R.E.T.R.O.

Apart from the four chapters, mind.in.a.box has released in 2010 the album R.E.T.R.O., where they pay a homage to 8-bit computer gaming. With some remixes of game soundtracks and songs about 8-bit computing, the album provides music like it used to sound in a Commodore 64 home computer and other machines from the same period. On an interview for the website I Die You Die, Poiss declared he sometimes misses “retro sounds from the good old Commodore 64” and sometimes he wants “bombastic metal guitars” or even “a piano track”. So, still he has so many inspirations, Poiss believes the core of his art is always there.

This is why we can see in R.E.T.R.O. some lyrics with the same kind of ideas found in the other narrative albums. 8-bits is one of the best examples not only for its contagious rhythm, but its lyrics has a special story about an 8-bit entity that watches the 3D world and reflects about its own virtual existence. Verses such as “I know my heritage is noble, but still I feel like I’m a clone” tells us this being is realizing it is an emulation, though it wants to be “more than information”. Like Tron‘s plot, this virtual life form announces: “The next time I see the serial cable, I jump on the train and leave this world. Now I’m an original, I’m like my ancestors and my hair is finally all yellow”.

Memories

On Friday (March 20th), the sixth album by mind.in.a.box was released with 13 new tracks that extend Black’s journey. A review published by the German website Avalost tells us the agent is going back to the club and he is bringing new thoughts about hope, dreams and maybe even a dialogue with his new self, as seen in Up There.

Mind.in.a.box cover for their latest album, Memories

But with all that being said, it is also important to state that there is no required understanding of this rather complicated existential tale told by mind.in.a.box if you want to enjoy their music. As explained by Bruce and Alex on this I Die You Die post, the band uses the most perfect robotic voices to, in fact, talk about the deepest human feelings. “Mr. Black and his mysterious quarry are useful devices to explore various themes of identity and consciousness, but not lynchpins for appreciation of this profoundly human synthetic human”, says Alex. Sometimes, mostly in Revelations, the creation merges with the creator, as Bruce enforces that we cannot really know where Black ends and Poiss begins: “While the overaching storyline was in place, the distinction between it [Black] and Poiss’ own reflections wasn’t always clear, an issue muddied by the increasing presence of non-processed vocals.”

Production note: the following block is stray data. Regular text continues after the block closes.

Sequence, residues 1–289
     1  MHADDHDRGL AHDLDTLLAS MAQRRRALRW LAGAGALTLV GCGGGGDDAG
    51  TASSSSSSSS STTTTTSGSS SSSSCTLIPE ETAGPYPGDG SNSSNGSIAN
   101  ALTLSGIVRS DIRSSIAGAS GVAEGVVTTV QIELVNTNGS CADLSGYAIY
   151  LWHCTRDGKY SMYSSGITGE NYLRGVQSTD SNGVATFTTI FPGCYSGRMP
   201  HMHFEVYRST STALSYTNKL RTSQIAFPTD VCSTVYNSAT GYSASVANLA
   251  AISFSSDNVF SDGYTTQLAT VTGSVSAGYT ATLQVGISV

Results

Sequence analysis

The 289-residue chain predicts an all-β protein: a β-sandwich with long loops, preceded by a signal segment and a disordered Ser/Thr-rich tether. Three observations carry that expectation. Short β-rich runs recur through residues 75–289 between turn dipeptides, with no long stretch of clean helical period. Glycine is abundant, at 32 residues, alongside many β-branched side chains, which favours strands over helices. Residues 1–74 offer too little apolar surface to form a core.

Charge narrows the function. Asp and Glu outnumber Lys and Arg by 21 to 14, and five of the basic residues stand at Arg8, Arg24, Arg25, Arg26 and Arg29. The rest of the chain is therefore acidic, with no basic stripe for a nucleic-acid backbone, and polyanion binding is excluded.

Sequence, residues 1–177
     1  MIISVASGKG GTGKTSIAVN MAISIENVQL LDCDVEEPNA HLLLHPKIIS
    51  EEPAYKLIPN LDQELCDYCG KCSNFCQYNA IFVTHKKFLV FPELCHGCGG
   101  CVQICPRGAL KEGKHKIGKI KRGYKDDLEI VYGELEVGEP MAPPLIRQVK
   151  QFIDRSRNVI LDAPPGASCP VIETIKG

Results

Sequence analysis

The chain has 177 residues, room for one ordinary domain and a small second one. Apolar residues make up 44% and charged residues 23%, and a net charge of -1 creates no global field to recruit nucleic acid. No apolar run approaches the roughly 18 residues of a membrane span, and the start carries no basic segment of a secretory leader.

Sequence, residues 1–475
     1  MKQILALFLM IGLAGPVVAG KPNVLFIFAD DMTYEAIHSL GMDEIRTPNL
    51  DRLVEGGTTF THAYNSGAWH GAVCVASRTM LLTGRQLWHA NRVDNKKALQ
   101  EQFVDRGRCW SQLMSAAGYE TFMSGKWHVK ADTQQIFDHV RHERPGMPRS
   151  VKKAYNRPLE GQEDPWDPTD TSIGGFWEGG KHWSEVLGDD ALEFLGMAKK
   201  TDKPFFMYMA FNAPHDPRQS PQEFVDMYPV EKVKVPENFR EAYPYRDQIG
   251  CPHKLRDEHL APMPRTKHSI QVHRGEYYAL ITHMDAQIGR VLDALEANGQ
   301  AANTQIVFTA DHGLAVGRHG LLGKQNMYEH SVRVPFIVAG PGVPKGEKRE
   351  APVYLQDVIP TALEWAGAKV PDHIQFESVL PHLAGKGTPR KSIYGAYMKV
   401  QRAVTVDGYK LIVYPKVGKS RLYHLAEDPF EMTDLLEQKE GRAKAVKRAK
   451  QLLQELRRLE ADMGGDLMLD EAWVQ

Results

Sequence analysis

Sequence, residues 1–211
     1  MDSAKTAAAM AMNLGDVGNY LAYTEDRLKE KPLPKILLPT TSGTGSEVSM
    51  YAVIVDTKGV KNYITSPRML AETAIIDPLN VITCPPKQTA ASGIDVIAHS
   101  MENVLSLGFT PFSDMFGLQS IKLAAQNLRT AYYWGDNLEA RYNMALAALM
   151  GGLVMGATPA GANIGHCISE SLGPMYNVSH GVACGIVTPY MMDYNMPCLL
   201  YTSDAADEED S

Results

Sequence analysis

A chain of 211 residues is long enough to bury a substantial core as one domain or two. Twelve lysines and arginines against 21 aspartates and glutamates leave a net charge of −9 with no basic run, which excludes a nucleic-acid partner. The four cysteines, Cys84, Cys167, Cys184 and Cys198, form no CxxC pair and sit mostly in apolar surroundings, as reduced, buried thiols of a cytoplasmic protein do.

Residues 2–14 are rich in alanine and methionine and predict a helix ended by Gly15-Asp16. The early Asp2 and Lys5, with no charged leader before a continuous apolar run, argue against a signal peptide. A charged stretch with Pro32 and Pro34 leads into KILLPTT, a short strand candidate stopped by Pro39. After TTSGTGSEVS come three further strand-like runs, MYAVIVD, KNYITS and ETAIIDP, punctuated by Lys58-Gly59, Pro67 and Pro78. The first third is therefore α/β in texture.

Therefore, mind.in.a.box not only provides a unique musical experience combining futurepop to trance and metal elements, but above all things, this is a band concerned about creating a whole and immersive atmosphere through the fiction told by the lyrics and even by the artworks in the albums covers.

If you like the sound of them, here’s a preview of their album Memories:

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Written by Lidia Zuin
Brazilian journalist and cyberpunk enthusiast with a masters in semiotics, now living in UK. Interested in art, music, culture, philosophy, games, psychology and futurism.